One week from today we will (probably) know the answer to the Big Question: Are they in or are they out? Britain votes on the future of its relationship with the European Union on June 23, deciding whether it wants to continue to be part of an organization it joined in 1973. While the vote is technically a referendum, not a binding obligation with legal force, a Leave vote would likely require the government to set the wheels in motion for a proposed exit within a two-year time frame. What the terms of any actual deal would look like remains unclear, despite the impression created by much handwringing this week that the economic pain of a Brexit is precisely quantifiable.
Most of the conversations we have had with clients over the past several weeks have, understandably, homed in on the practical implications of Brexit for their portfolios. From our standpoint, the playbook ahead of June 23 is very much in line with our usual advice about event-driven market movements, which is to say do nothing. Make no mistake, if the Leave vote prevails next week there is a very good chance of an immediate volatility spike in asset markets. Much of that volatility would likely be concentrated in ground zero exposures like the FTSE 100 stock index and the British pound, which could see double digit declines, but risk asset markets worldwide would be vulnerable.
The reason we advise our clients to do nothing in situations like this is that, far more often than not, the tempest surrounding the actual event blows over rather quickly. The volatility is driven mostly by short-term money positioned one way or another before the event and algorithms wired to react immediately upon the outcome being known. That flurry of activity will settle down as the winners lock in their gains and the losers bite the bullet on pain trades to cut their losses. Markets will then adjust over time as investors assess the practical implications of Britain outside the EU for the future cash flow generation potential of the companies in which they invest.
Here is one practical example of what we mean by separating the short-term tempest from the longer term market adjustment to new information. Much has been made this week of the spike in volatility for the pound sterling, with commentators noting that the risk spike is higher than anything seen since the 2008 market crash. But an excellent article in Bloomberg carefully points out what other pieces have glossed over: the volatility spike relates only to what traders expect in the next 30 days. In other words, while 30-day futures for the pound sterling are more volatile than those for the Russian rouble or Hungarian forint, one-year sterling futures are virtually unchanged. The market for sterling futures today is a textbook definition of an event tempest: rough seas today, calmness further ahead.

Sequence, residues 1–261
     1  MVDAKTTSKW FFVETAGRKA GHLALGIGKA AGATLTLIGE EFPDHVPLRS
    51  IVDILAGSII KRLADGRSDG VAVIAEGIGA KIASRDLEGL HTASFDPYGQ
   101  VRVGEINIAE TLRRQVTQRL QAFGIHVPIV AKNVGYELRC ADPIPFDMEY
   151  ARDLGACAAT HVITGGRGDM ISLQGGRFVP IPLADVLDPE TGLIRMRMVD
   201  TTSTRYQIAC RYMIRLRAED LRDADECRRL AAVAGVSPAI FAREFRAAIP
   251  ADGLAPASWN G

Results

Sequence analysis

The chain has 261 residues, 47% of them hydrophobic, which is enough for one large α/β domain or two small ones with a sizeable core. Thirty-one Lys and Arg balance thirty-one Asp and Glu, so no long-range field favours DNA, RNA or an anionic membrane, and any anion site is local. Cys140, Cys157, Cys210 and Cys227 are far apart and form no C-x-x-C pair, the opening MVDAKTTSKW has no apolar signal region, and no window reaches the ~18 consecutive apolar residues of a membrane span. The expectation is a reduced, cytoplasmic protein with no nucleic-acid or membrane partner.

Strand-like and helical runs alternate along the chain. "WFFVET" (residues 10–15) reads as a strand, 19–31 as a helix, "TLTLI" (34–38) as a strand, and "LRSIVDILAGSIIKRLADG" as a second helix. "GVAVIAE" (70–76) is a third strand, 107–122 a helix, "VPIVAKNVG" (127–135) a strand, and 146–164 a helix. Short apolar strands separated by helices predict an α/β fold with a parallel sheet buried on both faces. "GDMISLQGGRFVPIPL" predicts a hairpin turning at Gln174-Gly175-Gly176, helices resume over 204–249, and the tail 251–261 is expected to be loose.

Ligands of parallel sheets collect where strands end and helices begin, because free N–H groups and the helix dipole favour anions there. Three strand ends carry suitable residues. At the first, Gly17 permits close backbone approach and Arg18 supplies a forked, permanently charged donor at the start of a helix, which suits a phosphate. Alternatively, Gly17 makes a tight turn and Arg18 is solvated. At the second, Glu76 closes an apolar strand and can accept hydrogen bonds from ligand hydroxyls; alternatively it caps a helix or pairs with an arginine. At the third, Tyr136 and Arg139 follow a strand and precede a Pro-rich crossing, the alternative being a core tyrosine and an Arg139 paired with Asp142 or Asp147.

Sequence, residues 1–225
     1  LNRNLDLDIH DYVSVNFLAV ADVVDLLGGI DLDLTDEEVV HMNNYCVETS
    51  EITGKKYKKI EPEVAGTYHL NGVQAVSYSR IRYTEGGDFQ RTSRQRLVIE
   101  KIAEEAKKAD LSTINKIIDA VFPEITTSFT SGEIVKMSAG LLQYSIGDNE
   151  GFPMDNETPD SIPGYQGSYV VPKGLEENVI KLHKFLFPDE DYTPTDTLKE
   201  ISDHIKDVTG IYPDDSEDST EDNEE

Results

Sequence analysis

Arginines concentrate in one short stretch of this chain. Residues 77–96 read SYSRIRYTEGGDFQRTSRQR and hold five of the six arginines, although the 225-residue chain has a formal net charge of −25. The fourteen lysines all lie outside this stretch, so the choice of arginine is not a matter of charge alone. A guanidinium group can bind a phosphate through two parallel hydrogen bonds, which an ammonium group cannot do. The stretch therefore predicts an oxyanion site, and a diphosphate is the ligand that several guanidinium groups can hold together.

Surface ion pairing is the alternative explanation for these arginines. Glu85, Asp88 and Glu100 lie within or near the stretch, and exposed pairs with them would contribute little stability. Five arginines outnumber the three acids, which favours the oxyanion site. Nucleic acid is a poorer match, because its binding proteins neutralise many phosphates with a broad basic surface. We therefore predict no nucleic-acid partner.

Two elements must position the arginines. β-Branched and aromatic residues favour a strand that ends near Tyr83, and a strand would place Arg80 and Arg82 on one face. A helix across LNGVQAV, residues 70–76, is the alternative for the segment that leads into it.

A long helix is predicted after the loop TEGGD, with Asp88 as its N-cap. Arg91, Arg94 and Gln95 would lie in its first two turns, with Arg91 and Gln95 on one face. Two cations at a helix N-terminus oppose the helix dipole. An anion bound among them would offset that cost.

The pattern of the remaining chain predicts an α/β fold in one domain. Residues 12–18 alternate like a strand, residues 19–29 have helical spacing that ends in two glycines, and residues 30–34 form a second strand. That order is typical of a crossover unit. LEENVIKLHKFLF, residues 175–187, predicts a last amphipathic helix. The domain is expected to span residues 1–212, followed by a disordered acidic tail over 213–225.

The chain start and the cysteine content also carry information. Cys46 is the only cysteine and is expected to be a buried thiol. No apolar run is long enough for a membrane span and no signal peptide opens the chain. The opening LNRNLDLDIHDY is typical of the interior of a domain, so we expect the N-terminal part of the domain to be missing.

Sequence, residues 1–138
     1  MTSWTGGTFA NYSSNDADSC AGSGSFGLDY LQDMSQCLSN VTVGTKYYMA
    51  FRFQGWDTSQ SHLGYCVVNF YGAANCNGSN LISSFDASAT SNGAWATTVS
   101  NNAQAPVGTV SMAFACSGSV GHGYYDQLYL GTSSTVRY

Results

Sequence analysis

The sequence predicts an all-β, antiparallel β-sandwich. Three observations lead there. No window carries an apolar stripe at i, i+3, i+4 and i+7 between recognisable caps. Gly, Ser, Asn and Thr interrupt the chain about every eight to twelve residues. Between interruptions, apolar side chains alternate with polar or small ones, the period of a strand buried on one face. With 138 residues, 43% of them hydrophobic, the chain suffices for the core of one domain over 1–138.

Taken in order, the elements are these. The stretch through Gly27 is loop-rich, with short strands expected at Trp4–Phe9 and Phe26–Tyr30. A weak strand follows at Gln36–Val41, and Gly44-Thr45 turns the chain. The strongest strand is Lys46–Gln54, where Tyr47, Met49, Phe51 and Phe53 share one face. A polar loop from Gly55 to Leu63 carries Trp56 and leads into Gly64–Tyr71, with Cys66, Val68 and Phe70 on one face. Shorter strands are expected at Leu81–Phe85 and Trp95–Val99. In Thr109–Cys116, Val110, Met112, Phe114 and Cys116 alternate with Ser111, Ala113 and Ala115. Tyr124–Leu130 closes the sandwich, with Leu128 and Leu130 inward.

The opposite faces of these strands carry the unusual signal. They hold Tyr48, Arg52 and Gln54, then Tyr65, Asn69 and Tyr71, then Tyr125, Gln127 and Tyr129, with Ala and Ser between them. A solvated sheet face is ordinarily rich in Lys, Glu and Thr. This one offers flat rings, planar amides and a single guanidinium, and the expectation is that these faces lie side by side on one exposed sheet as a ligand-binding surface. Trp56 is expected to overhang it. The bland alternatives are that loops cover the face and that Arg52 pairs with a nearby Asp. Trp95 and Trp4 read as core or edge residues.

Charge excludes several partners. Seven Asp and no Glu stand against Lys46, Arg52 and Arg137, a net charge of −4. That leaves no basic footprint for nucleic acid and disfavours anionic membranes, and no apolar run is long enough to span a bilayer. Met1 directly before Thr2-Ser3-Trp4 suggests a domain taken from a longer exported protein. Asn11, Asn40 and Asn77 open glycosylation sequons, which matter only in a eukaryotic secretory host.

None of this is to say that Britain’s leaving the EU would be unimportant, or have no implications down the line. We are of the opinion that the Leave arguments are largely misguided and shaped more by emotion and fear than by real facts. To that end, our longer-term concern is less about how Britain finds its economic footing outside the EU, and more about how Brexit is part and parcel of a larger global trend – a backlash against trade and globalization in general that seeks refuge in – depending on where in the world one happens to be – appeals to nationalism, authoritarianism and populism. Such sentiments swirl about in locations from Peoria to Paris to the Philippines.
But trying to put a specific price on anything as vague and variable as anti-globalism is a fool’s errand. In a very practical sense we are not prepared to adjust our strategic allocation targets to various asset classes on the basis of events that may or may not transpire. Sometime in the future economic historians may look back at June 2016 as an important milestone towards a new world of less trade and weaker economies. Alternatively, they may write that the populist anger of this age finally forced global elites to wake up and meaningfully address key imbalances and inequalities feeding that anger. Either way, we will follow the same approach as always: evaluate the data as they come in and let the data, not ill-defined emotions, drive our ongoing portfolio decisions.